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- World Vision: The number of people affected by hunger in southern Africa ‘will stretch around the world’. 10 Nov 2019
- FAO: As climate shocks intensify, UN food agencies urge more support for southern Africa’s hungry people. 31 Oct 2019
- AfDB: Angola: African Development Bank approves $1 million grant to children’s food and nutrition security programs. 19 Oct 2019
- UNHCR: Angola Repatriation Update #4. 8 Nov 2019
- UNICEF: UNICEF Angola Humanitarian Situation Report July to September, Quarter 3 2019. 4 Nov 2019
• Based on the results of the 2019 Regional Vulnerability Assessment and Analysis (RVAA), it is estimated that 41 million people will be food insecure in the peak lean season, of which 9 million people require immediate assistance (Table 1).
• Zimbabwe, Mozambique and Zambia account for 75% of the total number needing immediate assistance.
• In Eswatini and Lesotho, 20% and 24% of the rural population are in need of immediate assistance.
The 2018/2019 season was the driest since at least 1981 in central and western parts of the region.
The drought resulted in crop failure, reduced forage, and poor water availability.
A delayed and erratic onset of rains, mid-season dry spells, and early cessation of rains in several parts of the region have contributed to poor crop production expectations in many areas.
- A late and erratic onset of rains delayed planting and reduced area planted in southern and western parts of the region.
- A dry spell from mid-January to early February caused moderate to severe crop moisture stress in the central parts of the region. The dry spell ended in early February, allowing recovery of some crops. Observations however indicate that permanent wilting had occurred in several areas.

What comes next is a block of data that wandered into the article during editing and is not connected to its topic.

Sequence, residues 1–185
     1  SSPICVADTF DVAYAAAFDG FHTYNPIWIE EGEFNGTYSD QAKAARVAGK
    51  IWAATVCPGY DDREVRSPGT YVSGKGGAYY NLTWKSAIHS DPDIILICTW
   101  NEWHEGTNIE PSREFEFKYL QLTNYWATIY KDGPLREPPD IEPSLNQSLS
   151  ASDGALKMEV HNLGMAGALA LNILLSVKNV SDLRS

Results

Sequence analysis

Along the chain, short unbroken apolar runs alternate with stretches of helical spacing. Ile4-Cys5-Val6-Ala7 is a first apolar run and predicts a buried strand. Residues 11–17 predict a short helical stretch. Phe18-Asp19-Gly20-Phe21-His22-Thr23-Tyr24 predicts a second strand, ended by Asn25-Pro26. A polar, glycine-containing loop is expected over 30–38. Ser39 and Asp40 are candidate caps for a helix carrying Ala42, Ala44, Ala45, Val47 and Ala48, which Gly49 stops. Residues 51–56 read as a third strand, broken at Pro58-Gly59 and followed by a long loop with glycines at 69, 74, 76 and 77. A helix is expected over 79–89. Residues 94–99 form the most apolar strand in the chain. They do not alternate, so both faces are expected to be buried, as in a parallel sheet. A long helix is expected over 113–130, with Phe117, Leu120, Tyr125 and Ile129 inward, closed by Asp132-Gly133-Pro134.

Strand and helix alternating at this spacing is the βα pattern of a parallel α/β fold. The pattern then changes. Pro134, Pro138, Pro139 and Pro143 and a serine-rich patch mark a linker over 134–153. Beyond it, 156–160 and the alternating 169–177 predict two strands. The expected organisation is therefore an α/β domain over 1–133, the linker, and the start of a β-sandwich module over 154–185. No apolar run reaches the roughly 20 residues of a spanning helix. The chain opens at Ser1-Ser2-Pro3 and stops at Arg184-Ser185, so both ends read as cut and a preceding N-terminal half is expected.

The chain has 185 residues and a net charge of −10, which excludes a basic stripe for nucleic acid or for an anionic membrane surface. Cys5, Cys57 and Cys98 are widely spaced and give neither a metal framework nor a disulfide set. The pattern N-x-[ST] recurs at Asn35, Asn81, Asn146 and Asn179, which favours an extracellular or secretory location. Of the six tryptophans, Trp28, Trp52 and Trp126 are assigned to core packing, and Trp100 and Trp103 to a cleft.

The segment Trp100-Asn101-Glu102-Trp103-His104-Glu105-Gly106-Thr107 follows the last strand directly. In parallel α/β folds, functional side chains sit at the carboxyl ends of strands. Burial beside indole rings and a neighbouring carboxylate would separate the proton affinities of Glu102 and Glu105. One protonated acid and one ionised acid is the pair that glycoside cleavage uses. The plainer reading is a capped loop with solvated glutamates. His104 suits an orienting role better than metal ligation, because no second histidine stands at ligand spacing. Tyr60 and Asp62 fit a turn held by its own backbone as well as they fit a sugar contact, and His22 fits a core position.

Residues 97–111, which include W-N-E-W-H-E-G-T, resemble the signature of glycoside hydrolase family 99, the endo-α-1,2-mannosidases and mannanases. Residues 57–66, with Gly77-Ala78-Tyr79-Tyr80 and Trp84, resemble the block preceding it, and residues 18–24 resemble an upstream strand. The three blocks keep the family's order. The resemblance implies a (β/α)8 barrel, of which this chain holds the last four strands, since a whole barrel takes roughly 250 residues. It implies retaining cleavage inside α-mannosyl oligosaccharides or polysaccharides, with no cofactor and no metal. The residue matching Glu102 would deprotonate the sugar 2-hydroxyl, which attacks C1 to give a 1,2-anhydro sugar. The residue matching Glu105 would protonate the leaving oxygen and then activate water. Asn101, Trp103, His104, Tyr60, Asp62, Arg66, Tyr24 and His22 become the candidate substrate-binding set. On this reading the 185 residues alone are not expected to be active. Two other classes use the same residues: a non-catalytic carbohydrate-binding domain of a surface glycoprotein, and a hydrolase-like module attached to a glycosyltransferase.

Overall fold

Well-below average rainfall has been received in most parts of the region for the October through early January period
Rainfall improved in parts of December through early and mid-January in some central areas, while erratic rains continued in the south
Extreme high temperatures affected many parts of the region in December
Seasonal forecasts for reduced rainfall continue to raise concerns of potentially negative impacts on crop harvests
- Good rains continued to the end of season in most areas, resulting in positive production expectations in several countries.
- The high seasonal rainfall improved dam and groundwater levels, providing good water availability for irrigation over the coming seasons.
- Preliminary reports suggest the regional impact of the Fall Armyworm was not severe. However, experts advise robust, coordinated control measures for coming seasons.
Southern and central areas continued to receive well above average rains in January
Poor rainfall was received in western and north-eastern SADC and Madagascar
The Fall Armyworm has been confirmed in 7 countries in the region. The severity of the impact on regional crop production is yet to be established
Tropical cyclones Carlos and Dineo affected the region in early to mid-February. The impacts of Cyclone Dineo are severe, particularly in southern Mozambique
An estimated 518,000 people across southern Africa were affected by floods and storms during the 2012/2013 rainfall season.
The most affected country was Mozambique, where 250,000 people received humanitarian assistance.
Due in part to the sub-optimal temporal distribution of rainfall, most countries may have below average rainfall-related crop performance this season.
Nutritional assessments undertaken in a number of countries over the past month show an increase in acute malnutrition. In the drought affected areas in Mozambique, acute malnutrition records 5%; the food insecure districts in Zambia show acute malnutrition figures of 7.7%; in Malawi the centre and southern parts recorded increased number of admissions to Nutritional Rehabilitation Units compared to last year; in Zimbabwe vulnerable districts recorded acute malnutrition rates of 9% and in Madagascar, acute malnutrition rates doubled since 1997 to 14% country wide.